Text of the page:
CPI Falls Short of Expectations

More movement is needed in services costs that are sensitive to the labor market.

Detail of a fuel pump in a gas station
Meagan Schoenberger

Meagan Schoenberger

Economist, KPMG Economics, KPMG US

+1 202-533-3000

The Consumer Price Index (CPI) rose 0.1% seasonally adjusted from October to November, less than expectations of a 0.3% rise. The monthly pace brought the year-over-year inflation rate down to 7.1%, the slowest pace since December 2021. We saw continued discounting in November with prices on goods coming off, as the Federal Reserve expected. There was not as much movement in the services most tied to the labor market; that is where the Fed wants to see cooling the most. 

Prices at the gas pump moved down in November by 2% after rising in October. The full gas price decline effect in headline CPI will be coming in December and should push the headline numbers down further. The average retail gas price today is $3.35 versus $3.88 this time in November according to the Energy Information Administration. 

Food prices continued to increase, up 0.5% for both food at home and away from home. Prices at the grocery store are still up 12% from a year ago and food away from home is up 8.5%. The gains in food prices were broad-based; foods like flour, dairy, alcohol and produce were all drivers of the increase in food prices. Only the index for meats, poultry, fish and eggs fell on a month-over-month basis. The largest gains in food away from home have been in full-service restaurant meals and food at employee sites and schools, where staffing shortages remain elevated. 

The core CPI, which strips out the more volatile costs of food and energy, rose 0.2% in November. That move brings the year-over-year down to 6.0%, which is a larger decline than expected. Core goods actually declined by 0.5% on continued large decreases in the costs for used cars and trucks. Even new vehicle costs slowed to 0% month-over-month after sustained increases through October. Medical care services continued to decline in November after a once-a-year adjustment to insurance company profits. The medical cost adjustment will not appear in core Personal Consumption Expenditures (PCE), which the Fed watches more closely than CPI. Airline fares fell in November, leading to a small decline in transportation services.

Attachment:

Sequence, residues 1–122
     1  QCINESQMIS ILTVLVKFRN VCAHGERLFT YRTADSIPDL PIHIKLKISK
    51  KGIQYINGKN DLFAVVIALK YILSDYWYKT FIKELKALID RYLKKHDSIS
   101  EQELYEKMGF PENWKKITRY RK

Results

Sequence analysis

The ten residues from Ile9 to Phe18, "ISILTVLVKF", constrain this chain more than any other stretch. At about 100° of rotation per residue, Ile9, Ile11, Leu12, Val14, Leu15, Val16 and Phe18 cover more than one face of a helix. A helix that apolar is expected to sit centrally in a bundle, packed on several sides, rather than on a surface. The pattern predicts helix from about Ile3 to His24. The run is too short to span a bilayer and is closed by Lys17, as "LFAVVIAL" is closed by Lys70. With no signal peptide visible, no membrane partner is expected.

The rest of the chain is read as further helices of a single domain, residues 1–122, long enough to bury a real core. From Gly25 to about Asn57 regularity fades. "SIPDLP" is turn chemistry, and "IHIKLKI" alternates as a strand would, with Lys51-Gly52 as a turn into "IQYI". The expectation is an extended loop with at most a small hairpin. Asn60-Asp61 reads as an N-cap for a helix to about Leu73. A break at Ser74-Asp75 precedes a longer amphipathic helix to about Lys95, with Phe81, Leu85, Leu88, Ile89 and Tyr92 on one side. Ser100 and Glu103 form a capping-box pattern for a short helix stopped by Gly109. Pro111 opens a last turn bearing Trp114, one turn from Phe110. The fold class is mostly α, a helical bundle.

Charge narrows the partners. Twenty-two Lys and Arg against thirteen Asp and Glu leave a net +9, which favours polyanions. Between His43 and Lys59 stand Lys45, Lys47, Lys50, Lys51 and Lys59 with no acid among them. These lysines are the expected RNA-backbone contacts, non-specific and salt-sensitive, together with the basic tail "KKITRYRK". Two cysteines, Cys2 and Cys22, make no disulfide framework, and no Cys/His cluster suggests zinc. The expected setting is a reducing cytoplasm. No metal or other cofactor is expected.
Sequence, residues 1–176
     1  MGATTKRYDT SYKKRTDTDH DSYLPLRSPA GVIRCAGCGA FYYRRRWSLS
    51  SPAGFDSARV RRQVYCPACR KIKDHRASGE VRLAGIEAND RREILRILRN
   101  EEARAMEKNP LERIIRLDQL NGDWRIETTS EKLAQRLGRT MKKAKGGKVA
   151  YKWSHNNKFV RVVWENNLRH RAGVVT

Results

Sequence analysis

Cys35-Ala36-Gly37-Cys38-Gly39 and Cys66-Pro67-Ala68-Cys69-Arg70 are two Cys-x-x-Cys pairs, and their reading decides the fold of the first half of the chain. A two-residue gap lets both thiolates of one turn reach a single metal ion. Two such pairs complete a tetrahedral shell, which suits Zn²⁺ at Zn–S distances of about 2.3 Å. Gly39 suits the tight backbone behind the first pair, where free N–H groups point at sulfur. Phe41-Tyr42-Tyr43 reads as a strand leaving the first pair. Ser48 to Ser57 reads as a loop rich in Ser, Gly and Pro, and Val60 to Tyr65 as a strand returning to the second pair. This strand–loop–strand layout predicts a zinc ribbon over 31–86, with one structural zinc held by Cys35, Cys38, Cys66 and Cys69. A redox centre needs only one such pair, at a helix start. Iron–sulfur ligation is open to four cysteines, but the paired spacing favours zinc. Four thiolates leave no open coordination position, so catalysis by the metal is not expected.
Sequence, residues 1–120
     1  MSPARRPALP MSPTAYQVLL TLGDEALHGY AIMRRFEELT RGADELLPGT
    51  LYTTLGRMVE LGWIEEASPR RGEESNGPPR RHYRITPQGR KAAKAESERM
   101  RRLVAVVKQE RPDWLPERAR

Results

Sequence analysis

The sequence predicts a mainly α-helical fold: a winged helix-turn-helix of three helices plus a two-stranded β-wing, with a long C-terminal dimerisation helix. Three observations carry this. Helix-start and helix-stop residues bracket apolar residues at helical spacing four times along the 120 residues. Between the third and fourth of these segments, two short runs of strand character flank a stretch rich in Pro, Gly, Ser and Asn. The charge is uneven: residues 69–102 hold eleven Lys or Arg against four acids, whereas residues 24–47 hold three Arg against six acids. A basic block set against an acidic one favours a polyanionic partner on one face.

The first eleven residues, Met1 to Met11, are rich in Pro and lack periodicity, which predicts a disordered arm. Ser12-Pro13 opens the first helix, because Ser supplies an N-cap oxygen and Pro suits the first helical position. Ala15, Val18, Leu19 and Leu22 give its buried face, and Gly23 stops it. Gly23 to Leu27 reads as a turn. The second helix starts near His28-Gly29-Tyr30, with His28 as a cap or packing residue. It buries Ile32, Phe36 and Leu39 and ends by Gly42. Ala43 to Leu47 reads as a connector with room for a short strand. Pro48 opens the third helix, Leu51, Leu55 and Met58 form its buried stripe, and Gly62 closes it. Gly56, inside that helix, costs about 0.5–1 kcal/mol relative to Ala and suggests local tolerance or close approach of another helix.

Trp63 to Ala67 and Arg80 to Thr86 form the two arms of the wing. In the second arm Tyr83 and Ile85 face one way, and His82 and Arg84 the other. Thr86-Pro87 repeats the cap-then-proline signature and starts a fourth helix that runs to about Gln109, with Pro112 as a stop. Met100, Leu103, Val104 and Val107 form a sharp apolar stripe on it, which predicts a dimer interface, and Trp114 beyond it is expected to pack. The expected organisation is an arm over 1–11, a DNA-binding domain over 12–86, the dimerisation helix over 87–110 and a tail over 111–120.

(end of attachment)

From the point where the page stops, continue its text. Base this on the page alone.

Shelter was the largest contributor to both the core and headline inflation, with costs rising 0.6% in the month and 7.1% year-over-year. That accounts for nearly half of the total increase in core CPI. Rents increased by 0.8% in November while owner’s equivalent costs increased by 0.7%. High frequency data indicates that home values and rents are cooling rapidly, but disinflation takes much longer to appear in the CPI than other prices. 

Core services that are especially sensitive to staffing shortages posted increases in November. Motor vehicle maintenance, repair and insurance all rose significantly in November, with maintenance rising 1.3% and insurance adding 0.9%. Other contributors to core inflation included communication, recreation, education and apparel. Daycare and preschool costs accelerated 0.6% over the month as the “tridemic” of flu, RSV, and COVID continued to contribute to staffing shortages. There were still 1.6 million out sick and unable to work in November, 70% higher than the pre-pandemic average.


The Bottom Line:

The October and November CPI reports suggest that inflationary pressures may have peaked, but the job of the Fed is far from over. It is still expected to raise rates by another ½ point at the December meeting and continue raising rates into early next year. The good news of November CPI report is that much that was distorted by the pandemic is finally coming down – bursting the pandemic-induced bubble. The concern is that prices that are driven by labor costs could remain sticky.

The October and November CPI reports suggest that inflationary pressures may have peaked, but the job of the Fed is far from over.